Out-of-pocket expenditures are thought to be a significant barrier to receiving cancer preventive services, especially for individuals of lower socioeconomic status. A new study from the University Hospitals Cleveland Medical Center and the Case Comprehensive Cancer Center has looked at how the Patient Protection and Affordable Care Act (PPACA), which eliminated such out-of-pocket expenditures, affected the use of mammography and colonoscopy. Published online in Cancer, the study found that the use of mammography, but not colonoscopy, increased after the PPACA was passed.
To determine changes in the use of mammography and colonoscopy among fee-for-service Medicare beneficiaries before and after implementation of the PPACA, lead investigator Gregory Cooper, MD, and his colleagues examined Medicare claims data, identifying women 70 years of age and older without mammography during the previous two years and men and women in the same age group at increased risk for colorectal cancer without colonoscopy during the past five years. The team also identified patients who were screened in the two-year period before the PPACA’s implementation (2009 to 2010) and after its implementation (2011 to September 2012).
After out-of-pocket expenses for recommended cancer screening under the PPACA were eliminated, the uptake of mammography increased in all economic subgroups, including the poorest individuals. On the other hand, pre-existing disparities based on socioeconomic status in colonoscopy did not change. The investigators suspected that this might be due to other barriers related to colonoscopy, such as the need for bowel preparation or a loophole where a subset of colonoscopies still require out-of-pocket expenses.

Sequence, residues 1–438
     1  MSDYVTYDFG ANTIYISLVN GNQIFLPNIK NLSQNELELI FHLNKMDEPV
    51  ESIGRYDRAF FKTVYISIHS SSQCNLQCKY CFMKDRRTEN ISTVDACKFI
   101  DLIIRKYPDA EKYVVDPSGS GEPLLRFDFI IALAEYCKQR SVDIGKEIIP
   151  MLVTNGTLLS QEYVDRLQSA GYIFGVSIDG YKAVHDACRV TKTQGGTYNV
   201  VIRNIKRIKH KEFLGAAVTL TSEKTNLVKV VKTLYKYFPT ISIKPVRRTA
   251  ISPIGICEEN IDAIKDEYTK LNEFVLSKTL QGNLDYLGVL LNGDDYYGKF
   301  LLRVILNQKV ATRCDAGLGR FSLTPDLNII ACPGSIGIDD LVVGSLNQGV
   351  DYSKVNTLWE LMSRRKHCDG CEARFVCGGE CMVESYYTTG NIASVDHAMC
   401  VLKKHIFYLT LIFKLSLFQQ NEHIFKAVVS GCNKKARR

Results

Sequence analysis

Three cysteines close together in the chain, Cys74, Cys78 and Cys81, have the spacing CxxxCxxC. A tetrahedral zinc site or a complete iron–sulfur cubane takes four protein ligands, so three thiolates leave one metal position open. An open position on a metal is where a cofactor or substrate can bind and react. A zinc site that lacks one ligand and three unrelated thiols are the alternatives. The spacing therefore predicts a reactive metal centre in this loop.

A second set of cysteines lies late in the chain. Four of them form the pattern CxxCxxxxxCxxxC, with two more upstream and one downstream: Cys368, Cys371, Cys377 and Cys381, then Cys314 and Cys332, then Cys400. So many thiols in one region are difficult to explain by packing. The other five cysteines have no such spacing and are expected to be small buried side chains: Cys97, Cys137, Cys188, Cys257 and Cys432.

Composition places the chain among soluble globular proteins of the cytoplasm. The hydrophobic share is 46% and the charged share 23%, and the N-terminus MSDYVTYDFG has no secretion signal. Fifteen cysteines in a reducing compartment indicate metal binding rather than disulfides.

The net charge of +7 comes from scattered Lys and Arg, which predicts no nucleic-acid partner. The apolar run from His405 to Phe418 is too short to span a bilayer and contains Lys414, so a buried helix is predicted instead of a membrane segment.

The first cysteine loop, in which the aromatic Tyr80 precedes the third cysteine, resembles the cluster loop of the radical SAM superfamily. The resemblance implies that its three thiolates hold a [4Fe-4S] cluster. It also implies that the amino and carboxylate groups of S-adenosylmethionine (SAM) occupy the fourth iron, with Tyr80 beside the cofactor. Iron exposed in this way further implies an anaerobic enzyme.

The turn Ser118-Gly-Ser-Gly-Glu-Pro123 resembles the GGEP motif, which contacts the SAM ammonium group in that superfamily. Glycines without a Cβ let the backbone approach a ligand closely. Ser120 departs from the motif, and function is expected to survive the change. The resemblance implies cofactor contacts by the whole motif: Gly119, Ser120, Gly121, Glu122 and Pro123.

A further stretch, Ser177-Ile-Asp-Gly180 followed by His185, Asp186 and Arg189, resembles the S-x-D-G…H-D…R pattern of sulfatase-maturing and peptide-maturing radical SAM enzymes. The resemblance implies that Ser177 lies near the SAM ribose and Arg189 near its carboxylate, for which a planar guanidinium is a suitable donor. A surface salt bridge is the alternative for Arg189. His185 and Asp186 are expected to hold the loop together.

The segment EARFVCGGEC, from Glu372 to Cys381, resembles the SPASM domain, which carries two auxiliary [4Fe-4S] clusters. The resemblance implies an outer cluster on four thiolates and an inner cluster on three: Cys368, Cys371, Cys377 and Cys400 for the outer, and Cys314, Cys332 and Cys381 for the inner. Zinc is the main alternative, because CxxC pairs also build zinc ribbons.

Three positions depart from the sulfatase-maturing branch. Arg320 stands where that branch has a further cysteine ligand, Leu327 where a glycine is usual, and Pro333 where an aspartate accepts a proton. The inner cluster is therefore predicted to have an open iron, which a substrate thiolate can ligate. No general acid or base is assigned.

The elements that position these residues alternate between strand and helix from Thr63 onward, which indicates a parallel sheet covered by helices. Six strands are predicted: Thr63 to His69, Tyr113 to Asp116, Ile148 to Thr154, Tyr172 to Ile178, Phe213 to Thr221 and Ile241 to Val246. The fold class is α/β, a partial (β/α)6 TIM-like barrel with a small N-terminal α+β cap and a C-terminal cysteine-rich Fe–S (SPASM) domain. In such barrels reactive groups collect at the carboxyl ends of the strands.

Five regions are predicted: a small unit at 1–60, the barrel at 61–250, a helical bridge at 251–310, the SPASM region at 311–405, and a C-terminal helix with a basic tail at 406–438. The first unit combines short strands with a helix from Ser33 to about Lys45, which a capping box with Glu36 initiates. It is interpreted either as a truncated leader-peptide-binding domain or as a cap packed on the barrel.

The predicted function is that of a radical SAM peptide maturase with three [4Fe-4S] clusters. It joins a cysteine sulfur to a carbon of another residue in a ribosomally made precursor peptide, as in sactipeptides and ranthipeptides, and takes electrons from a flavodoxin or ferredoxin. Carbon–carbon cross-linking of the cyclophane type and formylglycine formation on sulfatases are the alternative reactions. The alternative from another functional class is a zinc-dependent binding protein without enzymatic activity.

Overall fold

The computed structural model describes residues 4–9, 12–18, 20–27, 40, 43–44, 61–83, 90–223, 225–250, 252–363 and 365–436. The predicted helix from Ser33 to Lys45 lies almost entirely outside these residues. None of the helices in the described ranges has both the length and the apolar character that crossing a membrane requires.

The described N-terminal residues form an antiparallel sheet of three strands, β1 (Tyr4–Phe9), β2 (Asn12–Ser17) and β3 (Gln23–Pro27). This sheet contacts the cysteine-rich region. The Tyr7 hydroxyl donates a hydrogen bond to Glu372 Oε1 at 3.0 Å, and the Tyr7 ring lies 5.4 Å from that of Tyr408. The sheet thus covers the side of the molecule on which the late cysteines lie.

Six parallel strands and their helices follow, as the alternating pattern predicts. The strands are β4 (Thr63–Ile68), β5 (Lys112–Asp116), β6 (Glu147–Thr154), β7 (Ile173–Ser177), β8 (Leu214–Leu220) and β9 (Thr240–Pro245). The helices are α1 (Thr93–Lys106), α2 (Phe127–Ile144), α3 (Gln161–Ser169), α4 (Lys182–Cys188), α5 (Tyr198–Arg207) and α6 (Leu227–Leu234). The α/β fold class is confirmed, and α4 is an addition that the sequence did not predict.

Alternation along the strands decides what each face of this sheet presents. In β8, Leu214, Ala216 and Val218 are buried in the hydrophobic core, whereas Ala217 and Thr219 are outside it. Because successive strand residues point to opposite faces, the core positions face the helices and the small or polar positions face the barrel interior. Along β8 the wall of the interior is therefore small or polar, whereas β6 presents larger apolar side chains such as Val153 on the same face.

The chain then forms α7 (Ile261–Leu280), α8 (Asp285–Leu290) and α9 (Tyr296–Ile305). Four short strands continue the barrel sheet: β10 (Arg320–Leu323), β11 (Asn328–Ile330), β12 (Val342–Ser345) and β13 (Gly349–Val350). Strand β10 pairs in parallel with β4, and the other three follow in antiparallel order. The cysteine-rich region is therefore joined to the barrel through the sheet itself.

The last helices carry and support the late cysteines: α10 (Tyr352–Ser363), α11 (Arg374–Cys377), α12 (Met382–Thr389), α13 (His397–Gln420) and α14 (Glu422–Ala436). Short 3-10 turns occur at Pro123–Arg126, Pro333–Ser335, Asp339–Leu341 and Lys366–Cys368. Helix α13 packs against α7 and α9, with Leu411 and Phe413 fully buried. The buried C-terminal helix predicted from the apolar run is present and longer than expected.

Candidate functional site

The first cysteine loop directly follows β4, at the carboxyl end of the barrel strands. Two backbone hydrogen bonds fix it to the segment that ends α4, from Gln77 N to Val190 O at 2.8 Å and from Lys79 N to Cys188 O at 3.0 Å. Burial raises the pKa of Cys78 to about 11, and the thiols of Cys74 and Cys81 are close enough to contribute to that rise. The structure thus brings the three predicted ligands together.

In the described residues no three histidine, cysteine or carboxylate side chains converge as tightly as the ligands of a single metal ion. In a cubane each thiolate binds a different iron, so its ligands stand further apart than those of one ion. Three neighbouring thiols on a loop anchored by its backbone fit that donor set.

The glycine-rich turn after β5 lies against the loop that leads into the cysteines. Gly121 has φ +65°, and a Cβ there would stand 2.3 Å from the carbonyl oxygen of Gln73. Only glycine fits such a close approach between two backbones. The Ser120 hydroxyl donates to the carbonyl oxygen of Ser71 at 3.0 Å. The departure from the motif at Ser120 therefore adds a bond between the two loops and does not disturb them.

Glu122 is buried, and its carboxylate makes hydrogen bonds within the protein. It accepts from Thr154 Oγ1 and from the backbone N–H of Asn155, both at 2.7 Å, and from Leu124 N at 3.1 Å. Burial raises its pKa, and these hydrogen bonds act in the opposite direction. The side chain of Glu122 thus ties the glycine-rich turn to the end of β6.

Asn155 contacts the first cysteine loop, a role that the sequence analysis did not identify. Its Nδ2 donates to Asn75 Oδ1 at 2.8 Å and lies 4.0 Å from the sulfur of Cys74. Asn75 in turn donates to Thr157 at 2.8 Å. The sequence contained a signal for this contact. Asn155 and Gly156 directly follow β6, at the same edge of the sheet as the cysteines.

“Although the future of the [PP]ACA is now questioned, the findings do support, at least for mammography, that elimination of financial barriers is associated with improvement in cancer screening,” Cooper said. “The findings have implications for other efforts to provide services to traditionally underserved patients, including the use of Medicaid expansion.”
At this point, it is not known which, if any, of the PPACA provisions will be continued under the new administration. Representative Tom Price, the nominee for head of the Department of Health and Human Services, had previously drafted a bill, the Empowering Patients First Act, that outlined proposed changes in health care; however, details of specific requirements for both private and government-funded insurance programs, including coverage for recommended preventive services, were not included in that plan.